#PRWritingOnTwitter or In Defense of Twitter for Public Relations Writing


The logical argument has been made – social media is creating copy carnage, much to the chagrin of polished Public Relations writers.  Squeezing into the 140-characters-or-less Twitter format seems to translate important messages into adolescent non sequiturs.  See the outpouring of celebrity Tweets on the recent tragic passing of Whitney Houston (Diddy – Whitney Houston!!! OMG!! I really can’t believe this.. This is one of the saddest days ever..”).

Obey the K.I.S.S. principle.

But here’s the thing – brevity is key in Public Relations. Any PR 101 course will include the K.I.S.S. principle (Keep it Simple, Stupid – sorry, not a Gene Simmons reference) or the concept of the Elevator Pitch.  Whether pitching busy journalists, TV producers or a prospective new client, PR pros who get to the point make a bigger impact with their ideas.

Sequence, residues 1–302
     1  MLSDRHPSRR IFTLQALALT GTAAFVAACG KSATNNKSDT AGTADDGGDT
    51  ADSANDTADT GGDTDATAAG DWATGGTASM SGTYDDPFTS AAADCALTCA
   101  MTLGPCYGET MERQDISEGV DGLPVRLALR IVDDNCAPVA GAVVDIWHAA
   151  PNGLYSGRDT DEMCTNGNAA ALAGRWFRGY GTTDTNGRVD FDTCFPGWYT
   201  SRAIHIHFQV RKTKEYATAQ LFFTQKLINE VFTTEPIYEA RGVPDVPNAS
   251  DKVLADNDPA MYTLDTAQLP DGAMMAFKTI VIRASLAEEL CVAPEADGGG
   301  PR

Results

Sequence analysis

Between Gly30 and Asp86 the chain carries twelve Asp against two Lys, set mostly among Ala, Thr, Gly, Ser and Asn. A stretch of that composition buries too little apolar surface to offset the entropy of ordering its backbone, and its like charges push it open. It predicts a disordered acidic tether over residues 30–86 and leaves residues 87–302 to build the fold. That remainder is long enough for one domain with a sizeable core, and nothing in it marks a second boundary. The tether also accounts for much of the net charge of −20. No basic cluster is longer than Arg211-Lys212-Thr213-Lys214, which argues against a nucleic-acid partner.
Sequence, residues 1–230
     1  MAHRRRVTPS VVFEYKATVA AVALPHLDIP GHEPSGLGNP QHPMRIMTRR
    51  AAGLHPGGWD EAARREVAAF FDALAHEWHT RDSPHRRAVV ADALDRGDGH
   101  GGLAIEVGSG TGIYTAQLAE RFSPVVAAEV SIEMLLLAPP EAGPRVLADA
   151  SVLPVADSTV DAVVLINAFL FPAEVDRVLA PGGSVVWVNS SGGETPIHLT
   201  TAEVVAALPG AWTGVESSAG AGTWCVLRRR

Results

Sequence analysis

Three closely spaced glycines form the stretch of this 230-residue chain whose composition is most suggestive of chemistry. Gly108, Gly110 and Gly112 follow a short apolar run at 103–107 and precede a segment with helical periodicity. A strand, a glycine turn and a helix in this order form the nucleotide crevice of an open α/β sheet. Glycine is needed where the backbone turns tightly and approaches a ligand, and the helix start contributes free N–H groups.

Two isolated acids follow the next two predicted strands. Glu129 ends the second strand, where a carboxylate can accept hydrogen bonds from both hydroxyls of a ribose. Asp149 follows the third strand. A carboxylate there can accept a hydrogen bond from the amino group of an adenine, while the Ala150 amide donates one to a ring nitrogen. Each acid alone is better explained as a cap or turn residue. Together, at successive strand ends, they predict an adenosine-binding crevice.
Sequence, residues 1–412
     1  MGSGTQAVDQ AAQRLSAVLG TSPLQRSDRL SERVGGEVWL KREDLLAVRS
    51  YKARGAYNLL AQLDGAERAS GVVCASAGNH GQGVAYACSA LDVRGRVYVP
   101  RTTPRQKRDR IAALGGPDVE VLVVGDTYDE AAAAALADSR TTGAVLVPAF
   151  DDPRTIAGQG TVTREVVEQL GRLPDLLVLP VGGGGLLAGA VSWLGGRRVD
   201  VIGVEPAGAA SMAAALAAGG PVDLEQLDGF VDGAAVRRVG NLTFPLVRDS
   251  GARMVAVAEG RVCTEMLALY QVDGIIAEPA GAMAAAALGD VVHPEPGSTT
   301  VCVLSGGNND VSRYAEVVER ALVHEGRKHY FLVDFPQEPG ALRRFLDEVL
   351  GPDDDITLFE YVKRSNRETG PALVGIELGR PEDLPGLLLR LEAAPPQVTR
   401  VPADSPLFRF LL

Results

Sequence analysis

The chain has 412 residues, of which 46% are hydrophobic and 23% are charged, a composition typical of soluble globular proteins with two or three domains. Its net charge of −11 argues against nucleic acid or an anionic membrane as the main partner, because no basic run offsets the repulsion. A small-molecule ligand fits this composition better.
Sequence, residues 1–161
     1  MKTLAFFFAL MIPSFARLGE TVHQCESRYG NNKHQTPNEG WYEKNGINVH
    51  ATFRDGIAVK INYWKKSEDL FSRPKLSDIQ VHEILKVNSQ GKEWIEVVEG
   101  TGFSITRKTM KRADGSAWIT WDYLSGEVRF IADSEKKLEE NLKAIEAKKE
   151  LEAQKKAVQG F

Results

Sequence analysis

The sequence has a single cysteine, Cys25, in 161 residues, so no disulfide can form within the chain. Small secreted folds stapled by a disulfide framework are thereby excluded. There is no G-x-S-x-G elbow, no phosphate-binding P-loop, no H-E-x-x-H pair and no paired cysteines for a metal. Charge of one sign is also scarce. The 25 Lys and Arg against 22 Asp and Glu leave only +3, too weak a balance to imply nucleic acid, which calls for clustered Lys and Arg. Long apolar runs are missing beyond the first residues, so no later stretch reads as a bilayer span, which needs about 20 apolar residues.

Long form has its place, and there’s tremendous value in vehicles like white papers, blog posts, contributed articles, etc.  But Twitter’s 140-character limit lends important discipline – it leaves no room for exaggerating adjectives, run-on sentences, superfluous anecdotes, and roundabout reasoning.  Instead, writers must get resourceful with strong verbs, succinct declarations of ideas, and persuasive hooks. Twitter’s option to hash tag keywords is also a practical shortcut for connecting to a broader social conversation.  The ideal result is a concise, impactful headline that will grab the reader’s attention and have them clicking for more. These writing skills translate to press release headlines, photo captions, media calls, and sit-downs with business prospects. Get to the point and get heard! #You’reWelcome.


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